Earlier this week, Doug Clark from the local News & Record used the appointment of newly-seated Sen. Al Franken to the Judiciary Committee to ridicule the Supreme Court confirmation process. Clark wrote
    It's appropriate that Senate Democrats put Al Franken on the Judiciary Committee.

    The Supreme Court confirmation hearing that begins this morning will be pure show business, with a comic edge. Franken, the comedian-turned-senator from Minnesota, ought to fit right in.

    These proceedings have become a joke.
    He concluded by sarcastically suggesting that Democrats appointed him to the committee so that he could provide "a laugh or two."

    When Sen. Franken got his turn to ask questions, he did provide some comic relief. However, Sen. Franken also ended up asking one of the most insightful questions of the hearings regarding the judicial activism of the Roberts Court.

    By a 5-4 decision in Gross v. FBL Financial, the Roberts Court changed the evidentiary standard in age discrimination cases, making it much more difficult for older workers to prevail in lawsuits.

    Sen. Franken pointed out that when the Supreme Court decided to hear the case, it indicated that it would be considering a matter regarding whether plaintiffs in age discrimination suits needed to provide direct or indirect evidence of discrimination. In its hearing, the Court received briefs on these issues.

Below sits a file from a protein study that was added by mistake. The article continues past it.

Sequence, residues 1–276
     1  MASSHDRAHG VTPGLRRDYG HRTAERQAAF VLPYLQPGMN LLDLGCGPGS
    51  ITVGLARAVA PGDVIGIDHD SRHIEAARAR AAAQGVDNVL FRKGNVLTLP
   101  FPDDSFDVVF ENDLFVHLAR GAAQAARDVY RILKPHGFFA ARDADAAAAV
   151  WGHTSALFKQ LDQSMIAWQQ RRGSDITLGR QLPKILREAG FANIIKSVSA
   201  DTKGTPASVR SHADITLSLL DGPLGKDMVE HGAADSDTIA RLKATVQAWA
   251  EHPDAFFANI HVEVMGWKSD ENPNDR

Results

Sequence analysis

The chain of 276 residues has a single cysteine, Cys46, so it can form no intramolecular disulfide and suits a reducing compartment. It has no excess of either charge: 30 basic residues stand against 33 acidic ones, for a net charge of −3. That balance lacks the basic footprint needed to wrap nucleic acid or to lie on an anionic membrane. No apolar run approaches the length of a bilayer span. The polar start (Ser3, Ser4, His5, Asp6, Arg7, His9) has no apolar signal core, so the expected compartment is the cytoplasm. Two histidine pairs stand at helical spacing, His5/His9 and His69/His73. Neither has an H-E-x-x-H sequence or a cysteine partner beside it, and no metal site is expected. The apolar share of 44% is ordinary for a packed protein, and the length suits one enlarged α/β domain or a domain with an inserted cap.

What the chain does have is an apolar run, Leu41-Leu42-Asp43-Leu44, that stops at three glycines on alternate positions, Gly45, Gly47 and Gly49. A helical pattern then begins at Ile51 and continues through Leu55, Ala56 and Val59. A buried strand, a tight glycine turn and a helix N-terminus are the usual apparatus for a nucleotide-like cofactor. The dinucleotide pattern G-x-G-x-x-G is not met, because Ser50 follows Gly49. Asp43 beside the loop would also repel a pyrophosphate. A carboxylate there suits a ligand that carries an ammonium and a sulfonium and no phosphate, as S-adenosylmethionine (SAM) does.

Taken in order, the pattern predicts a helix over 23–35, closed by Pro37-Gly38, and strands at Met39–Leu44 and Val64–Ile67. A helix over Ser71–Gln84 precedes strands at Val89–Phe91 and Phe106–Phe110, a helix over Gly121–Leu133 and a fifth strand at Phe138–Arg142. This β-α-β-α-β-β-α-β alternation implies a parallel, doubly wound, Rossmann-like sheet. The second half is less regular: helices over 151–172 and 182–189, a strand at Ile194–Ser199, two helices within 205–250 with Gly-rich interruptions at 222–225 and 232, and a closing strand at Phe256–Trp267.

However, the majority's decision addressed an issue on which it had not been briefed--namely, how to weight mixed motives by employers in such cases. As Justice Stephens wrote in his dissent
    ...the Court is unconcerned that the question it chooses to answer has not been briefed by the parties or interested amici curiae. Its failure to consider the views of the United States, which represents the agency charged with administering the ADEA, is especially irresponsible. Unfortunately, the majority’s inattention to prudential Court practices is matched by its utter disregard of our precedent and Congress’ intent.
    After describing the case, Sen. Franken asked Judge Sotomayor, "as an Appellate Court judge, how often have you decided a case on an argument or a question that the parties have not briefed?"

    She answered that that was not the practice of her Court.

    Sen. Franken's question shows the Roberts Court making important and wide-ranging decisions without giving the parties an opportunity to present facts and arguments. As with so many its other recent decisions, the Court showed a lot of empathy for business interests. You'd think that Sen. Sessions and other Republicans would be outraged by such activism, but you'd be wrong.

    Kudos to Sen. Franken for making this point. The Democrats made the right call by seating him on the Committee, though not for the reasons that Doug Clark gave.